Their last names rhyme: Berman and Sherman. Both are congressional incumbents from Los Angeles. Both are balding, bespectacled lawyers and liberal Jewish Democrats. Both went to UCLA (Howard Berman: International Relations, ’62; Brad Sherman: Accounting, ’74). And for more than a decade, they have represented nearby San Fernando Valley districts—Sherman’s horseshoe-shaped domain sits atop Berman’s like a toupee. They’ve worked side by side on everything from Iran sanctions (they’re both on the House Committee on Foreign Affairs) to the noise problem at Bob Hope Airport, in Burbank.
As it happens, though, decennial redistricting is about to throw Berman and Sherman together into a single district, and they are suddenly locked in a fight for their political lives. Their race is likely to be one of the most expensive House contests in the country—multiple super PACs are involved, and the final tab is expected to come to at least $12 million. In the months leading up to California’s June primary, things have also been getting nasty. Sherman sent out mailers attempting to tie Berman to a gas-line explosion that caused eight deaths. Berman, for his part, said this of Sherman’s post-election career prospects: “Brad will make an excellent Hollywood stuntman.”
But how is anyone outside Washington supposed to tell the two foes apart? On a recent Thursday morning, I headed to their respective Washington, D.C., offices—they sit on opposite sides of the second floor of the Rayburn House Office Building—and challenged them to distinguish themselves.
Neither man was especially helpful.
VIDEO: Watch highlights from a Berman/Sherman debate.
“We have a few differences on issues—not too many,” said Berman, who was wearing a blue-and-white checked shirt and a blue tie, which flipped over and migrated to the left side of his modest potbelly as he spoke.
“The fact is that we work very closely together on foreign affairs and we work very closely together on San Fernando Valley issues,” said Sherman, who was also wearing a blue-and-white checked shirt and a blue tie, which flipped over and slid to the right side of his modest potbelly. “Our voting record is more similar than different.”
That might be an understatement: In National Journal’s ideological rankings of the current Congress, Berman and Sherman are the 69th- and 85th-most-liberal members, respectively, of the 435-person House. Both favor abortion rights, gay marriage, and gun control. Both voted for health-care reform and the Iraq War; both later turned against the war. Both worked to widen the 405 Freeway, and to protect the Santa Monica Mountains from development, and to secure more Customs agents for LAX.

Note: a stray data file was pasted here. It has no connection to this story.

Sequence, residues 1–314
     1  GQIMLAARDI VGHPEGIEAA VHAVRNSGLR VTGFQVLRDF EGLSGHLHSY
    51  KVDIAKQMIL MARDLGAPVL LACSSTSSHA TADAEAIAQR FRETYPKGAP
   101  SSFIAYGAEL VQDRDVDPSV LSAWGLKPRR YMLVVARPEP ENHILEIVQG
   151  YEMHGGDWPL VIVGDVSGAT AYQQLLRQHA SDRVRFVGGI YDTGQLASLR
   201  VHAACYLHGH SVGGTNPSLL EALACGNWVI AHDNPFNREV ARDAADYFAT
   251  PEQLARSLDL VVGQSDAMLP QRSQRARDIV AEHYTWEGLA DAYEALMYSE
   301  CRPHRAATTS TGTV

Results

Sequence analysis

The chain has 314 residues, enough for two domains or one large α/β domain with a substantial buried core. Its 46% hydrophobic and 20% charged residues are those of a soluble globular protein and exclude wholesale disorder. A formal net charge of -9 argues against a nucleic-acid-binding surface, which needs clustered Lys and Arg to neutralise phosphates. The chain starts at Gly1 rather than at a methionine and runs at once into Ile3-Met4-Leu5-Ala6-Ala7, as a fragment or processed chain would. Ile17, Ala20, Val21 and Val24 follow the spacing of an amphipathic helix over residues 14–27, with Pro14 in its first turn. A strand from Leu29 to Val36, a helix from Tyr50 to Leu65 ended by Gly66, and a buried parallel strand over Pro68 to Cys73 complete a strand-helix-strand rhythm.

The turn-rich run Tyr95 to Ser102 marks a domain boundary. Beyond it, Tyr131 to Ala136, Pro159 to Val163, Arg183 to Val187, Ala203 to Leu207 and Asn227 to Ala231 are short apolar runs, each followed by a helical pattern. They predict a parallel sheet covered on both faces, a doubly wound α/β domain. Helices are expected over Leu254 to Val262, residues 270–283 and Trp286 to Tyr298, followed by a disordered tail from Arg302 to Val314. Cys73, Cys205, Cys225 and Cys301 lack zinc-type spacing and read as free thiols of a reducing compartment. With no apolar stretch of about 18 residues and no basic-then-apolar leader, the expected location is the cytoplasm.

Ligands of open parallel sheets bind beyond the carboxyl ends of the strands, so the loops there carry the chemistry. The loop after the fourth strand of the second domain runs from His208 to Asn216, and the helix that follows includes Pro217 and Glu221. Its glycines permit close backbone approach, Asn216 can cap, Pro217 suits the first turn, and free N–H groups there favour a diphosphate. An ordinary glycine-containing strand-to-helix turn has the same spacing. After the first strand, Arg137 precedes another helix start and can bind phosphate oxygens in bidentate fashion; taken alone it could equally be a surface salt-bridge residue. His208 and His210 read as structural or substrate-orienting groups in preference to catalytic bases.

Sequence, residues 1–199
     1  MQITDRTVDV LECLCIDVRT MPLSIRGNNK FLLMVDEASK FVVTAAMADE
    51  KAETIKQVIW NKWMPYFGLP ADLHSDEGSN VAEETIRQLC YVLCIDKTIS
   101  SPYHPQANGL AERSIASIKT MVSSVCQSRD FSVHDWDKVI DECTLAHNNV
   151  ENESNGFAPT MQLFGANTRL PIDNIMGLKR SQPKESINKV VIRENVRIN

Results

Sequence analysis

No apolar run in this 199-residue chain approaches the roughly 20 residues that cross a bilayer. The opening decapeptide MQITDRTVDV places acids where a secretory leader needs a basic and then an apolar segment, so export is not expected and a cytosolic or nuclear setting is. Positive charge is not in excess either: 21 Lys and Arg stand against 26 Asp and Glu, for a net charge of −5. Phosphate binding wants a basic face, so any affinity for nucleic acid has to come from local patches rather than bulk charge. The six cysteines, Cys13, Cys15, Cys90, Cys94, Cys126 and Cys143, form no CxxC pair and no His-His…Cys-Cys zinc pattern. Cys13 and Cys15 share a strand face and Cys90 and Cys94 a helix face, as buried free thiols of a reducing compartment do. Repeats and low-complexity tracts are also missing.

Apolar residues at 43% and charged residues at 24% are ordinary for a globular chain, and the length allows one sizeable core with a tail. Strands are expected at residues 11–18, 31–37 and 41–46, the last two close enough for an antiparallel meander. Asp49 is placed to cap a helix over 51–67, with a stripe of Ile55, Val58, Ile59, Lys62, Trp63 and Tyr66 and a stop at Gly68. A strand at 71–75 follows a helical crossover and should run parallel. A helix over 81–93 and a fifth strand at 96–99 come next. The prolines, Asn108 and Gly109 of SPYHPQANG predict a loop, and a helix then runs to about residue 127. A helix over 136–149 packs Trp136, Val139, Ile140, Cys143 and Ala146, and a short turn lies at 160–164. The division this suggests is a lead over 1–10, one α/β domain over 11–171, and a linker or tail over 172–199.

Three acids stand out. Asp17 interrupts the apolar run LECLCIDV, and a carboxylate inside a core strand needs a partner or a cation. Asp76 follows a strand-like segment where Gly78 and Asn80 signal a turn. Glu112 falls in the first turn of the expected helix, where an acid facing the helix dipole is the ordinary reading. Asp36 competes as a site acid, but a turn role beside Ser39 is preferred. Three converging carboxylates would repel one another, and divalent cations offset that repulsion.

Getting nowhere fast, I tried a new tack. If you were an animal, I asked each man, what kind of animal would you be?
Berman, confounded, paused for a long moment. “I would not be a python snake,” he said. “No. Because I just supported [a measure] preventing people from importing them.” People had been importing pythons, he explained, and letting them loose in the Everglades. “They were eating all the wildlife there,” he said.
Sherman cackled at the question, then replied, “A human being!” Pressed again, he held his ground: “I have never wanted to be an animal other than a human being.” He then directed his press aide to dig up a speech he’d given on “engineered intelligence.” (The address, to a Washington, D.C., health-care conference in 2007, is a meditation on the potential for scientists to create human-computer hybrids “possessing intelligence which surpasses our own.”) I concluded that Sherman preferred envisioning himself as a robotically enhanced superhuman to contemplating a move down the food chain. But on my original question—why would someone vote for Sherman over Berman, or Berman over Sherman?—I wasn’t any closer to an answer.